The nut is the transverse piece of hardwood (usually Ebony, but in this case Ipé, ) across which all the strings are resting, directly above the fingerboard. It serves as a positive stop for all five strings,  so that the strings are not in actual contact with the fingerboard when the player is not fingering a note, but are suspended about 0.5 mm above the surface of the fingerboard. the idea is that an easy touch from the player’s finger should put the string in contact with the fingerboard at the correct position for the desired note. The nut is glued to the neck and fingerboard, usually, but in reality, it is held in place by string tension, and the glue is “just a formality.” (I glue them so that they can’t fall off and get lost, during transport or a string change.)

I carefully laid out the string locations, so that they are spaced equidistant, center-to-center, and then cut the slots for the strings using first a small razor-saw, and then a round file of the appropriate diameter for the string in question.

Nut installed and slots filed for a 5-string Double Bass.
Nut installed and slots filed for a 5-string Double Bass. The corners will be rounded later.

 

Tailpiece and Tail-wire

I chose to make the tailpiece of Ipé wood, to match the fingerboard, nut and saddle. The tailpiece fret (transverse bar forming a positive “stop” for all five strings) is also Ipé, and after being heated and bent, it resisted being glued. I eventually took it off entirely, scraped off all the failed glue-layers, washed it down with acetone to remove the oils in the wood, and reglued with epoxy. But this time, I anchored it with six small brass rivets. It is permanent, now! (Besides, I like the look of the shiny little brass rivets!)

I also attached the tail-wire; a 1/8″ diameter stainless-steel aircraft cable. I established the length so that the distance between the nut and bridge would be as close as possible to being in a 6:1 ratio with the distance between the bridge and the tailpiece fret.

Completed tailpiece assembly for a five-string double bass.
Completed tailpiece assembly for a five-string double bass.

 

Bridge

I chose a bridge blank that was tall enough to serve with the projection angle I had already established, and wide enough to comfortably accommodate five strings.

I fitted the bridge feet to the surface of the bass front-plate, so that it would have an airtight fit when placed between the inner “notches” on the f-holes, and centered over the centerline of the plate.

Once the fit of the feet was established, I marked the bridge for the approximate height, hoping to achieve a string clearance of about 11 mm above the end of the fingerboard, but erring on the side of “too high.” (I can’t very well “put it back,” if I remove too much wood.) I then marked the locations of the strings, giving them 25mm from center to center. I filed the string slots, so that the strings would stay put when installed, and I went ahead and installed the strings.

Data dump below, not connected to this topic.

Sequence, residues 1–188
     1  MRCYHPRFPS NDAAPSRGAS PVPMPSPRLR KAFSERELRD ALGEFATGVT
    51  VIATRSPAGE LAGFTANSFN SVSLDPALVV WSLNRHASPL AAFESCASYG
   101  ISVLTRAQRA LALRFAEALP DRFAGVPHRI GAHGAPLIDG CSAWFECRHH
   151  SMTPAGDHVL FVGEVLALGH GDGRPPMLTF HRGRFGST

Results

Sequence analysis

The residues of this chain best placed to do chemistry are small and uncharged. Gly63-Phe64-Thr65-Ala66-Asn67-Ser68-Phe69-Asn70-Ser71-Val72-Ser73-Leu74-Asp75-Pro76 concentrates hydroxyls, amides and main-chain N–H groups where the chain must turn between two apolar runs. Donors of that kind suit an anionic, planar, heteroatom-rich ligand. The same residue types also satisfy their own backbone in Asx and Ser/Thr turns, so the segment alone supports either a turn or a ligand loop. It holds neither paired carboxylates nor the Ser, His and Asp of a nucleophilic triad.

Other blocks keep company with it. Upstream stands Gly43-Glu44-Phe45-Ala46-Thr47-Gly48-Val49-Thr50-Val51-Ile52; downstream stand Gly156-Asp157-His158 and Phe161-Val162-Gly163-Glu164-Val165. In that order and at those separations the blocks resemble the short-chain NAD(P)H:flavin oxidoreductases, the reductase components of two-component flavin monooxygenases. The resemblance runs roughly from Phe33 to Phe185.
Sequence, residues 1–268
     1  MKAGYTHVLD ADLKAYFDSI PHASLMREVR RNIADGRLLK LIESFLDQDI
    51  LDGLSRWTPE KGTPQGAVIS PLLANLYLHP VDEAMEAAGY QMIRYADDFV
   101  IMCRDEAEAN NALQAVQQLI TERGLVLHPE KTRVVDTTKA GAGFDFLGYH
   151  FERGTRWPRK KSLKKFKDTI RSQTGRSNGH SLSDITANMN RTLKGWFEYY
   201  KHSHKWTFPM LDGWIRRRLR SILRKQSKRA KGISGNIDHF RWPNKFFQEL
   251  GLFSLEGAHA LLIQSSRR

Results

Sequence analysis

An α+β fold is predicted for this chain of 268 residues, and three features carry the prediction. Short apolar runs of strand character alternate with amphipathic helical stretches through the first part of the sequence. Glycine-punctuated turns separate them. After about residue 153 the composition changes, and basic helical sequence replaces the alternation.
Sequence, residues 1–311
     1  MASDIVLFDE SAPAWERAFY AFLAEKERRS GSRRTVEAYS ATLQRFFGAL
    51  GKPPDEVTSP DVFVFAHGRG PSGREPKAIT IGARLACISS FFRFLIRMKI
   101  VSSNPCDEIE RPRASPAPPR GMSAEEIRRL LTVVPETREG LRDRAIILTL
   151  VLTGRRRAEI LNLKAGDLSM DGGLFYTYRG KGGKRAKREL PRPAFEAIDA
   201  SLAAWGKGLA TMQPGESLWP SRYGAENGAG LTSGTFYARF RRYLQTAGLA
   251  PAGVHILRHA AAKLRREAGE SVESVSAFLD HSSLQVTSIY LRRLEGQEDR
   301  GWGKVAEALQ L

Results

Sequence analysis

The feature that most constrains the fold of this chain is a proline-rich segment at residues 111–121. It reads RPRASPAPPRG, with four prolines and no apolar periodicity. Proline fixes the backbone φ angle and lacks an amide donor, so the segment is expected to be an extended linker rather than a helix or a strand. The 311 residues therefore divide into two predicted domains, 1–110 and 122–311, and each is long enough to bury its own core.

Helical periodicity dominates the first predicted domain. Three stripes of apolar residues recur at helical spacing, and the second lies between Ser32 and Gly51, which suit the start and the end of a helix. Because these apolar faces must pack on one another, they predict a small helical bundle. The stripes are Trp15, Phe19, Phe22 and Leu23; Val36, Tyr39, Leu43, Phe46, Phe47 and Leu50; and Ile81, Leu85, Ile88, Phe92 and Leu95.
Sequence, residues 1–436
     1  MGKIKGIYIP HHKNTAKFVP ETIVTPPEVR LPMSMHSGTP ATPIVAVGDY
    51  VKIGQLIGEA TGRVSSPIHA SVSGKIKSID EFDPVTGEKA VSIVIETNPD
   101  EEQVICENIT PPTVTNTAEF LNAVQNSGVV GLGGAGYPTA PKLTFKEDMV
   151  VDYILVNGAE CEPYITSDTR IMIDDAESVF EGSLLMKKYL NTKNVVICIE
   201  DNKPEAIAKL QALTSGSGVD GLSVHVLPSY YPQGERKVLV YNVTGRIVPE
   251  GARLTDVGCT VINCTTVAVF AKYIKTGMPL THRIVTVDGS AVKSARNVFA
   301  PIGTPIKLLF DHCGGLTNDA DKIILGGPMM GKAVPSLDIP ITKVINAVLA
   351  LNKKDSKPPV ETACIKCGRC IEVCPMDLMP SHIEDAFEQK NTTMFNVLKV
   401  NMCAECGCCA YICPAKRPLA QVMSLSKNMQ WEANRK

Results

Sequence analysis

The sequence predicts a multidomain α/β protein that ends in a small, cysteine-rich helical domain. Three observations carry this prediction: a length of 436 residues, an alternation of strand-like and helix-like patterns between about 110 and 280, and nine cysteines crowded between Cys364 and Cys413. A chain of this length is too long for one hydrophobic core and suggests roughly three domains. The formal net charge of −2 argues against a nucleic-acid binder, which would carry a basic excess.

Bridge for 5-string double bass.
Bridge for 5-string double bass.

 

As it happened, I ended up with about 14mm under the B-string, ranging to 12 mm under the G-string…way too high. No problem: I simply re-marked the bridge, this time having a better idea of where things would line up, re-cut the top of the bridge, re-filed the string slots, and tried again. This time I had 11mm under the B-string, and 6mm under the G-string, with the strings in the middle at about 8mm. That is acceptable, so I finished trimming excess wood from the bridge, tuned up the strings, and I  was ready for the final adjustments for sound.

Five-string double bass, set-up and ready for final adjustments.
Five-string double bass set-up and ready for final adjustments.

 

It is quite a relief to me to finally have this instrument nearly complete. It was actually begun several years ago; but it was set aside for a variety of reasons, and only resurrected as a project, this Spring.

The sound, at first set-up, is satisfactory, but I hope to achieve a better balance, more volume, and better clarity as the instrument “settles in’ a bit, and with subsequent adjustments of the soundpost. But for now, I’m happy with it. It looks good and sounds good. For a brand-new instrument, that is a good start.

Completed 5-string double bass with cello in the background
Completed 5-string double bass with cello in the background.

 

So, for now, that is it! There are a few “finishing touches” and re-touch of varnish, etc, as well as the aforementioned sound adjustments, but the bass is essentially complete!

I hope to make all the necessary adjustments, and then find a player or two to “test-drive” it for me, since I am not a player, and can’t do it justice.

I will post the “verdicts” from those players when they happen.

 

Thanks for looking.

 

 

 

 

Leave a Reply

Your email address will not be published. Required fields are marked *